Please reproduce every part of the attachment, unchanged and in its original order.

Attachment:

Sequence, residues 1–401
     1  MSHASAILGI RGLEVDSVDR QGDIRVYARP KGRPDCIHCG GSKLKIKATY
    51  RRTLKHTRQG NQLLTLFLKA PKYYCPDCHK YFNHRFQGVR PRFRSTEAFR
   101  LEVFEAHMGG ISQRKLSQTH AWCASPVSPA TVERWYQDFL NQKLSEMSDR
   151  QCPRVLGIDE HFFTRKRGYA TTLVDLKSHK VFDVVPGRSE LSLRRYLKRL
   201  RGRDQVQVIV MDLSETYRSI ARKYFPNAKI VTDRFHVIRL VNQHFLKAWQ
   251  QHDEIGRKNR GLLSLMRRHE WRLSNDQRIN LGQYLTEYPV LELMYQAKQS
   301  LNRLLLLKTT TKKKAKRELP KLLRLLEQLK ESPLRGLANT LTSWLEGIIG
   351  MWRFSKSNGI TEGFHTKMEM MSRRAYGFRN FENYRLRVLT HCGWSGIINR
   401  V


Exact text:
Sequence, residues 1–401
     1  MSHASAILGI RGLEVDSVDR QGDIRVYARP KGRPDCIHCG GSKLKIKATY
    51  RRTLKHTRQG NQLLTLFLKA PKYYCPDCHK YFNHRFQGVR PRFRSTEAFR
   101  LEVFEAHMGG ISQRKLSQTH AWCASPVSPA TVERWYQDFL NQKLSEMSDR
   151  QCPRVLGIDE HFFTRKRGYA TTLVDLKSHK VFDVVPGRSE LSLRRYLKRL
   201  RGRDQVQVIV MDLSETYRSI ARKYFPNAKI VTDRFHVIRL VNQHFLKAWQ
   251  QHDEIGRKNR GLLSLMRRHE WRLSNDQRIN LGQYLTEYPV LELMYQAKQS
   301  LNRLLLLKTT TKKKAKRELP KLLRLLEQLK ESPLRGLANT LTSWLEGIIG
   351  MWRFSKSNGI TEGFHTKMEM MSRRAYGFRN FENYRLRVLT HCGWSGIINR
   401  V